In April 1977, the price was dropped to $475.[g][3] It continued to be sold through August 1977, despite the introduction of the Apple II in April 1977, which began shipping in June of that year.[38] In October 1977, the Apple I was officially discontinued and removed from Apple's price list.[39] As Wozniak was the only person who could answer most customer support questions about the computer, the company offered Apple I owners discounts and trade-ins for Apple IIs to persuade them to return their computers.[40] These recovered boards were then destroyed by Apple, contributing to their later rarity.[41]

Both Steve Jobs and Steve Wozniak have stated that Apple did not assign serial numbers to the Apple l. Several boards have been found with numbered stickers affixed to them, which appear to be inspection stickers from the PCB manufacturer/assembler. A batch of boards is known to have numbers hand-written in black permanent marker on the back; these usually appear as "01-00##". As of January 2022, 29 Apple-1s with a serial number are known. The highest known number is 01–0079. Two original Apple-1s have been analyzed by PSA, Los Angeles, concluding the serial numbers had been hand-written by Steve Jobs.[42]

Hardware

Because the Apple I did not include a case, customers needed to supply their own.

The Apple I used a MOS Technologies 6502 microprocessor running at 1.022727 MHz, and its design was based largely on Wozniak's previous work centered around a Motorola 6800.[43] The unconventional clock speed was chosen to be a fraction (27) of the NTSC color carrier, which simplified video circuitry. 4 KB of memory was included on the base machine, which was expandable to 8 KB on-board and up to 64 KB by using an add-on card. On-board memory utilized newly-available 4Kbit DRAM chips, and was designed to be upgradeable to the next generation of 16Kbit chips for a maximum of 32 KB on-board memory.[44] An optional $75 plug-in cassette interface card allowed users to store programs on ordinary audio cassette tapes. A BASIC interpreter, originally written by Wozniak, was provided with the cassette interface that let users easily write programs and play simple games. An onboard AC power supply was included.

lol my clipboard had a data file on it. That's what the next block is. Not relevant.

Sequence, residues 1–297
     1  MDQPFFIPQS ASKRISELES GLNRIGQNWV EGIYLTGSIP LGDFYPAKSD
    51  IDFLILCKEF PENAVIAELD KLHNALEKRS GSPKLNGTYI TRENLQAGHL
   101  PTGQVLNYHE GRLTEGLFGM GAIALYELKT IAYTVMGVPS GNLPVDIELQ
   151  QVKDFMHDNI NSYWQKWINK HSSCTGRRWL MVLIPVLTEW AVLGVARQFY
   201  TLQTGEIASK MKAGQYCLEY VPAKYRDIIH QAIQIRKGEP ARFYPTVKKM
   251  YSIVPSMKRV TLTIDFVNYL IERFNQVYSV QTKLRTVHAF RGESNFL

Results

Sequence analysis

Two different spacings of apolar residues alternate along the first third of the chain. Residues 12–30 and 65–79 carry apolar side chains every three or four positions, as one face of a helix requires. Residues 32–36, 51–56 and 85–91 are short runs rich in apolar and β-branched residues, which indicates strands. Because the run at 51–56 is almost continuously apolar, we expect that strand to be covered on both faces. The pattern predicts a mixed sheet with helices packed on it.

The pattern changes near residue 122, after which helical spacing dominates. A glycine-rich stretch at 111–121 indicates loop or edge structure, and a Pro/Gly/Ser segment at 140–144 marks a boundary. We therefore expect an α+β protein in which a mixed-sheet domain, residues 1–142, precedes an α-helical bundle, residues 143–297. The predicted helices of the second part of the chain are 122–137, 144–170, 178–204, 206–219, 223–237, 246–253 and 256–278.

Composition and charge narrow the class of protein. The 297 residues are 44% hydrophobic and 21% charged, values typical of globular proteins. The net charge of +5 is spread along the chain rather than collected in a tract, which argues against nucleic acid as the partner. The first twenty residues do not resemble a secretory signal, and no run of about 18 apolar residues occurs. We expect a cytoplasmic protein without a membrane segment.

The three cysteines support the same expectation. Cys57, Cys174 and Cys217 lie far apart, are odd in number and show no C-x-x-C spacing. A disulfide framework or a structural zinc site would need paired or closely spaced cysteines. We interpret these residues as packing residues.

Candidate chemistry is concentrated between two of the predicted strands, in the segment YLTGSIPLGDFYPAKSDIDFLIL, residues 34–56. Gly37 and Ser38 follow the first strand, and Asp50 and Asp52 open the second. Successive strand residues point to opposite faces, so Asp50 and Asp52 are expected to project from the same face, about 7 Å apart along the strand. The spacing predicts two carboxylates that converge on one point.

The Apple I did not come with a case. It could be used bare, though some users chose to build custom (typically wooden) enclosures.[45]

Video and Input

The Apple I included built-in computer terminal circuitry with composite video output. To use the computer, a user-supplied composite monitor and ASCII-encoded keyboard needed to be connected. If a monitor was not available, a standard television set could be used along with an RF modulator. In comparison, competing machines generally required an expensive dedicated video display terminal or teletypewriter. This, combined with its single-board construction, made the Apple I an elegant and inexpensive machine for its day, though competitors such as the Sol-20 and Sphere 1 offered similar feature sets.

A close-up of the top-left portion of the Apple I motherboard. The chips are arranged in a grid. One chip is larger than the rest and is placed horizontally rather than vertically.
The large, horizontal chip on the top-left of the main board is the Signetics 2513 character generator.
A table with four rows of 16 pixelated characters. There is no room for lowercase letters. The square bracket characters are noticeably thicker than the other symbols.
The Apple I character set

The computer generated its video output using a shift register memory and a Signetics 2513 64×8×5 Character Generator.[46] It was capable of displaying uppercase characters, numbers and basic punctuation and math symbols with a 5x8 pixel font:[47]

Signetics 2513
0 1 2 3 4 5 6 7 8 9 A B C D E F
0x
0
@ A B C D E F G H I J K L M N O
1x
16
P Q R S T U V W X Y Z [ \ ] ^ _
2x
32
 SP  ! " # $ % & ' ( ) * + , - . /
3x
48
0 1 2 3 4 5 6 7 8 9 : ; < = > ?
  Symbols and punctuation

Apple Cassette Interface expansion